The Rev. Henry Adams first non-Japanese-born minister to hold services at two area Buddhist churches

A member of the Buddhist Church of Santa Barbara holds a nenju, mindfulness beads, during a recent gathering.ROBBY BARTHELMESS / NEWS-PRESS PHOTOS
A member of the Buddhist Church of Santa Barbara holds a nenju, mindfulness beads, during a recent gathering.ROBBY BARTHELMESS / NEWS-PRESS PHOTOS

Toft-spoken and with a hint of a Midwestern accent flattened out by world travel, Henry Adams has, since April, been the minister at the Buddhist Church of Santa Barbara and Oxnard Buddhist Temple. That makes him the first non-Japanese-born minister to hold services at both churches.

At 33, the Rev. Adams modestly downplays the newsworthy nature of such a position. For him, it was simply a month between finishing his training and stepping into a vacancy left by the former minister. He was suggested to the Oxnard church by the Bishop of the Buddhist Churches of America and contracted to the Santa Barbara temple as well. And he wasn’t aware, he says, of the special import of his choice. Ten percent of current active ministers, he says, are of non-Japanese descent.

The Rev. Henry Adams gives a Dharma talk on Oct. 23 at the Buddhist Church of Santa Barbara.
The Rev. Henry Adams gives a Dharma talk on Oct. 23 at the Buddhist Church of Santa Barbara.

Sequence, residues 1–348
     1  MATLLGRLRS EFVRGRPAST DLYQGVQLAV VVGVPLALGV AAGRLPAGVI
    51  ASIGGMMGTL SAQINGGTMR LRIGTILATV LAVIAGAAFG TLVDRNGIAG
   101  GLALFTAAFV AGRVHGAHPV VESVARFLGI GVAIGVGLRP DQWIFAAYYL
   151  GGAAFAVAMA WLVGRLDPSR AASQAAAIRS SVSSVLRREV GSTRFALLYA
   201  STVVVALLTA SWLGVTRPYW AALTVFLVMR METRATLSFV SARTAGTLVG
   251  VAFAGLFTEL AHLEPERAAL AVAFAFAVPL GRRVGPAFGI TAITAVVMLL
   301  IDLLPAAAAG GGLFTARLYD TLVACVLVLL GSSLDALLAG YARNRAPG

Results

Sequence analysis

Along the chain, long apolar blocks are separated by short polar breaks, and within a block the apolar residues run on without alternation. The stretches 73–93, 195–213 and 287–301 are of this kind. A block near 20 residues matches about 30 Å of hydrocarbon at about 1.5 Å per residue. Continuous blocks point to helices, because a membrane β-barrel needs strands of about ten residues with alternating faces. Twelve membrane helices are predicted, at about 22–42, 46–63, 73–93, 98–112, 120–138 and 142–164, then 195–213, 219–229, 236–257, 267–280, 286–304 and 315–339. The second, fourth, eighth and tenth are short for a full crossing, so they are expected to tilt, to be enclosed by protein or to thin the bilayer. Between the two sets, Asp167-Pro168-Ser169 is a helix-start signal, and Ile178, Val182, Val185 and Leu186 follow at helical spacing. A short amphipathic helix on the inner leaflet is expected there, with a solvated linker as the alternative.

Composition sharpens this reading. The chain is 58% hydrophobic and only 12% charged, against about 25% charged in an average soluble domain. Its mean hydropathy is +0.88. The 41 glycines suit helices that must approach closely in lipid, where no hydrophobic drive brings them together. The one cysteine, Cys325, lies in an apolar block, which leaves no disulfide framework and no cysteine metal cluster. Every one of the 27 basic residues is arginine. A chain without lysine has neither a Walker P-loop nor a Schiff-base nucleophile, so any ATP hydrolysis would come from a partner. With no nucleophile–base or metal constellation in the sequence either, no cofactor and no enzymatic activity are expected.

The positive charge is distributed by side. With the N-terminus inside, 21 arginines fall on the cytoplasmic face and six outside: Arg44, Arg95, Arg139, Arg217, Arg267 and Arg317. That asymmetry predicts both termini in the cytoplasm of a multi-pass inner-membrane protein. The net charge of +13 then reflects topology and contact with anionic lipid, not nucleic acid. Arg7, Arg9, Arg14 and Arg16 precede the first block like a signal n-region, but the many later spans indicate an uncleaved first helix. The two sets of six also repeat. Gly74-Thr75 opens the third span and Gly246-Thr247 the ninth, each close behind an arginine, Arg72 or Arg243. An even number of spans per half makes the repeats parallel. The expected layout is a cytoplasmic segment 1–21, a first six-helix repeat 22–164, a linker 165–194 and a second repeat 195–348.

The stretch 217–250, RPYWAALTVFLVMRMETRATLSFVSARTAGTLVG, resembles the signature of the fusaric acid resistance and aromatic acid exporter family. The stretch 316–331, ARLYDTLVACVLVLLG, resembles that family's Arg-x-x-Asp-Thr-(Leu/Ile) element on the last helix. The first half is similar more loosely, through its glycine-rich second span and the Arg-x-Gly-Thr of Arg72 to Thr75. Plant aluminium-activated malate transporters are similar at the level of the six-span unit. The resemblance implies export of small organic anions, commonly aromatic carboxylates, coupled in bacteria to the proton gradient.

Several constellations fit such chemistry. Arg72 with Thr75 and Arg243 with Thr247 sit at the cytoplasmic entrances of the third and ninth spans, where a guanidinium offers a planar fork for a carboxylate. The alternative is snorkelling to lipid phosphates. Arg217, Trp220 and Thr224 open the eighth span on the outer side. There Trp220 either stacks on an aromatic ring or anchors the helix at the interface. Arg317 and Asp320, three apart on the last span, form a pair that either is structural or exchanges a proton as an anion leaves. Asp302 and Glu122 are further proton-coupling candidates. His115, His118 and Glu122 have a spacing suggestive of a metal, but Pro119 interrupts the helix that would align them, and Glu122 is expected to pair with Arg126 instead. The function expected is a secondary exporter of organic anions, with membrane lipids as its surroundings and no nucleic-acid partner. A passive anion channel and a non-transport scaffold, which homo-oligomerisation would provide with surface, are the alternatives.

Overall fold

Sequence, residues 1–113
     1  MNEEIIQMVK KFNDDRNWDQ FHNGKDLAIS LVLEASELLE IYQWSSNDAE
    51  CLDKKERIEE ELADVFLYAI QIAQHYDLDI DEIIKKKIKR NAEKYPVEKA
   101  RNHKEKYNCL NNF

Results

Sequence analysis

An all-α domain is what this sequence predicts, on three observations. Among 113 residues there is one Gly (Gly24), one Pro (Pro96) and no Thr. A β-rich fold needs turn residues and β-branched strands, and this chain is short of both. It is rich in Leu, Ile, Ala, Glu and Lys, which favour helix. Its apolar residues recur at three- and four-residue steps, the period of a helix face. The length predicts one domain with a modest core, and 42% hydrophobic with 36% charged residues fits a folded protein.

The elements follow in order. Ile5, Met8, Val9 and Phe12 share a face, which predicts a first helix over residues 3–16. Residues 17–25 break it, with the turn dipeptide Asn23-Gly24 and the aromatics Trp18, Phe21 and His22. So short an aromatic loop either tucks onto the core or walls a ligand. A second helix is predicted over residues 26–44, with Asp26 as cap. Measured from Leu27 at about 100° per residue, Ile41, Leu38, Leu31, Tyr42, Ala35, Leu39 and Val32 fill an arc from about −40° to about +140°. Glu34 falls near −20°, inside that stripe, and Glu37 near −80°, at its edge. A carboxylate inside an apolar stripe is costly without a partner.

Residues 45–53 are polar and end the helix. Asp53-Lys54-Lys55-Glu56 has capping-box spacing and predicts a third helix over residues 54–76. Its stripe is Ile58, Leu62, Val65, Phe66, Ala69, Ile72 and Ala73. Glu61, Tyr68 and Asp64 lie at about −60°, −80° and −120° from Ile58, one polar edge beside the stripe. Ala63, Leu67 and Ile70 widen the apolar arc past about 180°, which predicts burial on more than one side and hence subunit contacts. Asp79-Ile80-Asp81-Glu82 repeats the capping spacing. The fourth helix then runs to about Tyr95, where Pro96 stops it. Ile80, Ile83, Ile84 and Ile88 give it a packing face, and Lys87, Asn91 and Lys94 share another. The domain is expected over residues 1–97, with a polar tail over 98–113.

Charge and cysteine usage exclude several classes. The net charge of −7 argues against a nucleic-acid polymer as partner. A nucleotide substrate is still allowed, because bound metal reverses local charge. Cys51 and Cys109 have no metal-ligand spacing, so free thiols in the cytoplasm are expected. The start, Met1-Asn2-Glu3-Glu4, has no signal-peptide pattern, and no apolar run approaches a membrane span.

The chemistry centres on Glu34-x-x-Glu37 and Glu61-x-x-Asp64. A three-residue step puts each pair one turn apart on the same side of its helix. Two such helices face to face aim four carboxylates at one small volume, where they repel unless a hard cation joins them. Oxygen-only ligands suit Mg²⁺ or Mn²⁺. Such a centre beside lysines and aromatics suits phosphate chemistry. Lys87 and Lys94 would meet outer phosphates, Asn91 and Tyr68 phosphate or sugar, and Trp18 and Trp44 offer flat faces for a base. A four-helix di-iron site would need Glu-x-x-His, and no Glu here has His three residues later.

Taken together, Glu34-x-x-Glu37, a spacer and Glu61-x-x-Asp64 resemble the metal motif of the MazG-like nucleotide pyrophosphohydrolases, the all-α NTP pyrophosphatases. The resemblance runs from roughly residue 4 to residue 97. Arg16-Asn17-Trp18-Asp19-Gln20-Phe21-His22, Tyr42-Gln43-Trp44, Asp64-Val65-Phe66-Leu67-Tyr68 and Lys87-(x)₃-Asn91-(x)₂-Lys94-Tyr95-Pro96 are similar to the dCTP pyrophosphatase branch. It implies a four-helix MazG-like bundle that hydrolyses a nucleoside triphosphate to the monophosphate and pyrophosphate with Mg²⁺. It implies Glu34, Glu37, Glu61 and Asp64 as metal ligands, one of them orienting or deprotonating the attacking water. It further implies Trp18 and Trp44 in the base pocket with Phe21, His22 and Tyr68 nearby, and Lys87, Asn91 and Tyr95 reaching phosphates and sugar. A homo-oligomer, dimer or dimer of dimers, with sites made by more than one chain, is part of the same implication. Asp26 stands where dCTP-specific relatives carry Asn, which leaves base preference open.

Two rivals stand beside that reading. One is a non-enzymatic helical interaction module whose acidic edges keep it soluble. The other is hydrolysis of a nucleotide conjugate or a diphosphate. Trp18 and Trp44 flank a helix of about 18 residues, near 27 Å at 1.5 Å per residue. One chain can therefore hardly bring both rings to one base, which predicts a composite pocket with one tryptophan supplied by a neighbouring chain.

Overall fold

A woman makes an incense offering at the end of the service.
A woman makes an incense offering at the end of the service.
At top, as part of the Oct. 23 service, the Rev. Adams pays tribute to Eshinni and Kakushinni, the wife and daughter, respectively, of Shinran, the founder of Jodo Shinshu. Above, he uses settaku, or wooden blocks, to lead the sutra chanting.
At top, as part of the Oct. 23 service, the Rev. Adams pays tribute to Eshinni and Kakushinni, the wife and daughter, respectively, of Shinran, the founder of Jodo Shinshu. Above, he uses settaku, or wooden blocks, to lead the sutra chanting.
“It’s not a big part of the way I think about my ministry,” he tells the News-Press. “It’s more about the Buddhist religious identity.”

However, the Buddhist Church of Santa Barbara does reflect the culture of the Japanese-Americans in Santa Barbara, and the founding members of the temple are in their 80s and 90s. Japanese-American internment during World War II has formed a big part of the church’s identity, too, he says, not just in Santa Barbara but in all Buddhist churches in America, especially California. The Rev. Adams does suggest that his placement is a transition period for the church.

“We’re thinking about how to involve more people from the community,” he says. “There’s definitely a movement now to make the temple accessible to anyone who has an interest.”

You don’t have to know Japanese to come to services, the reverend points out, and you don’t have to be Buddhist, either.

“We welcome anyone who is interested, even if they identify as Christian or Jewish or Muslim or whatever.”

The Rev. Adams, however, does know Japanese. He leads the services in both languages, and did much of his training in Japan. His wife, Shoko, is Japanese.

Born in the small town of Fridley, Minn., the Rev. Adams was raised in a very religious Lutheran household, the fourth-generation child of Norwegian immigrants. He grew up in a suburb of Minneapolis, and went to church every Sunday with the family. In high school, the Rev. Adams spent a year in India as an exchange student and was confronted with a lot of abject poverty and class disparity.

“I started to have existential questions about why people suffer,” he says. “And if there is a solution to this problem of human suffering.”

Being in a country that birthed several of the world’s religions, it wasn’t long until the Rev. Adams found his way to Buddhism.